Ambulatory legs (P2-P5) (Figs. 1A, 2C) moderately long, robust, P3, P4 longest; merus distinctly cristate throughout entire length of dorsal margin, but only on proximal half of ventral margin; carpus with low dorsal crest; propodus with low dorsal, ventral crests; dactylus styliform, ending distally in simple chitinized claw, with well-defined longitudinal row of supple setae on flexor margin, 2 such rows on extensor margin (dorsal and ventral surfaces), but otherwise unarmed. Dactylo-propodal locking mechanism absent.

Male pleon (Figs. 1C, 2D) relatively broad, short, apex of telson reaching past imaginary transverse line connecting sterno-coxal condyles of P1; lateral margins distinctly concave; somite 1 slightly broader than somite 2; somites 3-5 completely fused without trace of sutures; somite 6 subquadrate, width-to-length ratio = 1.2, lateral margins slightly concave; telson subtriangular, basal width subequal to median length, lateral margins slightly concave, apex widely rounded.

G1 (Fig. 3A, B, D, E) gently curving laterally from base to tip; with distinct papilliform process on inner subdistal margin; sternal surface with numerous short, sharp granules covering most of distal half of G1; tip lamelliform, with seven long, plumose setae. G2 (Fig. 3C) short, sigmoid in shape; terminal segment about one-third length of subterminal segment. Penis emerging from gonopore on P5 coxa positioned anterior to coxo-sternal condyle.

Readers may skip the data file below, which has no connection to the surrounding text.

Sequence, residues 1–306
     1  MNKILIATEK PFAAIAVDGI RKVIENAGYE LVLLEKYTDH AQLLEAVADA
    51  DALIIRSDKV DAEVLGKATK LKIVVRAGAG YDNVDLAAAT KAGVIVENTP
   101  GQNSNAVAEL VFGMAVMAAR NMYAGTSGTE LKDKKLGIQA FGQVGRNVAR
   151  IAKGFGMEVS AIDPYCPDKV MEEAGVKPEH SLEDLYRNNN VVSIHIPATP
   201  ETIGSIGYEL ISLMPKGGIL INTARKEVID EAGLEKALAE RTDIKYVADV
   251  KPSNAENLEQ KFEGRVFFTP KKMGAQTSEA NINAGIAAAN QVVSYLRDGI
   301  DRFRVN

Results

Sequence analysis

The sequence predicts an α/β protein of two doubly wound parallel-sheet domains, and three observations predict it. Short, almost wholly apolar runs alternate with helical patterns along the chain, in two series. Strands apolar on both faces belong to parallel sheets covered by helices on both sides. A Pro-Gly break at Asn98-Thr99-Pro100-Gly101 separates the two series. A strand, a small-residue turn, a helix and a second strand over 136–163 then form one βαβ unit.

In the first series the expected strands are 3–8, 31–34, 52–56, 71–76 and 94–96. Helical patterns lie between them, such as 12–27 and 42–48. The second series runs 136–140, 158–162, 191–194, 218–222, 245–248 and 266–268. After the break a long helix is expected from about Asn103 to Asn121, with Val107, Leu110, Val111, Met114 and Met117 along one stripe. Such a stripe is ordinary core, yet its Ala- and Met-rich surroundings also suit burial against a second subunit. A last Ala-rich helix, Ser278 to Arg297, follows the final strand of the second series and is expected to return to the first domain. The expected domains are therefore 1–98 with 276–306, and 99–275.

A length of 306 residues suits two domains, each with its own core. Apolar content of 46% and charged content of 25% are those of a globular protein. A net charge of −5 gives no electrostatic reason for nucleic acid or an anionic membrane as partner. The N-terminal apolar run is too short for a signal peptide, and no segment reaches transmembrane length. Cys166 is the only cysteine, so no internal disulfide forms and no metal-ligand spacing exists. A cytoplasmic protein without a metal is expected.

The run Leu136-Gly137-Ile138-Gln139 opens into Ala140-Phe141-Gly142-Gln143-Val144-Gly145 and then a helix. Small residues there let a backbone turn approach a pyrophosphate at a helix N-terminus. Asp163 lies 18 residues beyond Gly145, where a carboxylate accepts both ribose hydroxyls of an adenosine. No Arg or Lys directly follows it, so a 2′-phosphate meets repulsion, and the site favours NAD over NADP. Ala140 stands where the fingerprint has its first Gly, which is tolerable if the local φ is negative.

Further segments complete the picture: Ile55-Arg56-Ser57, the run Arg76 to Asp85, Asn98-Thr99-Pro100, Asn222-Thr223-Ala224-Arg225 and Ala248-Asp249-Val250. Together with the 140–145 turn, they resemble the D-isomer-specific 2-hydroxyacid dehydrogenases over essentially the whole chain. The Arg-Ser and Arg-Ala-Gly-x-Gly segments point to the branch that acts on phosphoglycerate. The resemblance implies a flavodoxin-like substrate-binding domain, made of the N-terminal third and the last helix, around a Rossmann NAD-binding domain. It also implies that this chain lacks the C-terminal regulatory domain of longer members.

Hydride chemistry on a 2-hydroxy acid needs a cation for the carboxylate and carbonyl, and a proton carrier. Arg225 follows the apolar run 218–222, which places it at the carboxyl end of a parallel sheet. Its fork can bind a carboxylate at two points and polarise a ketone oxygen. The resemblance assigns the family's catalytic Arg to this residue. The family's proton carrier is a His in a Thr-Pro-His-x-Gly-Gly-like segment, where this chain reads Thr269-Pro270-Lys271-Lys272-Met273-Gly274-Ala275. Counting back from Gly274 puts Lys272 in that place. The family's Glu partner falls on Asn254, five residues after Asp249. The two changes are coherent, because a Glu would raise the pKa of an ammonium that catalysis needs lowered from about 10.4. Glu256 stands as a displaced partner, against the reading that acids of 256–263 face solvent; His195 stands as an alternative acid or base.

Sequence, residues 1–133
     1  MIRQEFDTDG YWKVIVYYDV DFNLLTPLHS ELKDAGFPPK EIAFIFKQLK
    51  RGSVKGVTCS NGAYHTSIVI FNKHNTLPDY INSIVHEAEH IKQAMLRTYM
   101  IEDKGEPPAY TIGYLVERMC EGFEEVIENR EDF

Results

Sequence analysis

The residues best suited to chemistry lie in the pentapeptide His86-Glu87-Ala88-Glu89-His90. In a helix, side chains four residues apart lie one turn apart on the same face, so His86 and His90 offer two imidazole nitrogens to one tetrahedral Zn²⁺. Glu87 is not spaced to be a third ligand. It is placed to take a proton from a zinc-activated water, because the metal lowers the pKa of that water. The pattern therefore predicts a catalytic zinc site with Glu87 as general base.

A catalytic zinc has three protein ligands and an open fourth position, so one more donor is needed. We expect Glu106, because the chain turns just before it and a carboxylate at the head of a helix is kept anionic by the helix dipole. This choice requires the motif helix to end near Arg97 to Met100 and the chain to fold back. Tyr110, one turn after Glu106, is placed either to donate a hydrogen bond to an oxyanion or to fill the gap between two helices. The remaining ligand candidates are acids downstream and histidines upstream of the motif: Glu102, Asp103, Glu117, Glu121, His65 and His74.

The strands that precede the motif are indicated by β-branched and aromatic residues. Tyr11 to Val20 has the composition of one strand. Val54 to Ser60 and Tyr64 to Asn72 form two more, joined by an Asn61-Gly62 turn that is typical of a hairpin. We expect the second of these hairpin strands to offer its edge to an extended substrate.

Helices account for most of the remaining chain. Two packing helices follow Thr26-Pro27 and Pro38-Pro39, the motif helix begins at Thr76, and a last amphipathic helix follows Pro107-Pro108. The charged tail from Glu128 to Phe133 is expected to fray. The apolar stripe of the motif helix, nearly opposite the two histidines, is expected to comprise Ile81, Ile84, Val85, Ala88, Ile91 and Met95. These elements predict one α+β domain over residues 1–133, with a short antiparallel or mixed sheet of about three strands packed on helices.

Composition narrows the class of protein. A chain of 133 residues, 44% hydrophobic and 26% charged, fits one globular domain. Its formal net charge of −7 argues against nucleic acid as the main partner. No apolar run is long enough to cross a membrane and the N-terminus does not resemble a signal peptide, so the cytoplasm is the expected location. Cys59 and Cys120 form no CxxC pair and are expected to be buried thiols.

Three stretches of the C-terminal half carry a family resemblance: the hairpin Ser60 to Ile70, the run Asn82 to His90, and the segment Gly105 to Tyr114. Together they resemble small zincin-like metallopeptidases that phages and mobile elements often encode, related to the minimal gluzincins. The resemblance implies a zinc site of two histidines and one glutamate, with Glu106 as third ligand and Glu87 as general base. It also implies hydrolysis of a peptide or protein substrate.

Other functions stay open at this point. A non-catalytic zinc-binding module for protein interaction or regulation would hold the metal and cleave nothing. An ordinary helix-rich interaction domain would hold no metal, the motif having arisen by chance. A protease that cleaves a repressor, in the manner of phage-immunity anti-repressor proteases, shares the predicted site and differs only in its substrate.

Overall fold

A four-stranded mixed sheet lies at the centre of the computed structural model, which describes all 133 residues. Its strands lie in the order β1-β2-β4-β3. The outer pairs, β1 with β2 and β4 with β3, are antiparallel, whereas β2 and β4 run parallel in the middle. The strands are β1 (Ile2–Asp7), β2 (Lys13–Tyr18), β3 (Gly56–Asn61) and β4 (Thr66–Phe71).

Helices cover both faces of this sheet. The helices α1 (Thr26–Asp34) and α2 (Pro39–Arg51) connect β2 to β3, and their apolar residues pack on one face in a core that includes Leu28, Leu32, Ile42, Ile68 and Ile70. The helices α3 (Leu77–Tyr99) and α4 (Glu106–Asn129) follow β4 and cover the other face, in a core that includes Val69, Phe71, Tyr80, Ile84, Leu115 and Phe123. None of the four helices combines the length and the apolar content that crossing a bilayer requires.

Female morphology. Female morphology similar to that of male except for sexual characters. Female sternopleonal cavity setose at level of sternite 4; sternopleonal lock not well developed, tubercles absent in adult; vulvae moderately large, placed anteriorly on sternite 6, abutting against suture with sternite 5. Pleon subovate in outline, lateral margins distinctly convex; somites freely articulated, somites 3-6 progressively longer, somite 6 largest, lateral margins convex; telson semi-circular, lateral margins slightly convex, apex broadly rounded.

Color in life. Base color off-white, interspersed with orange, both forming reticulated patterns on carapace and chelipeds; fingers of chela off-white. Orange splotches on off-white ambulatory legs, forming banded pattern on ambulatory meri, carpi, and propodi. Ventral and internal surfaces off-white (Fig. 4). Live coloration very similar to that of P. reticulatus (cf. Ng and Huang 1997: fig. 8D, E).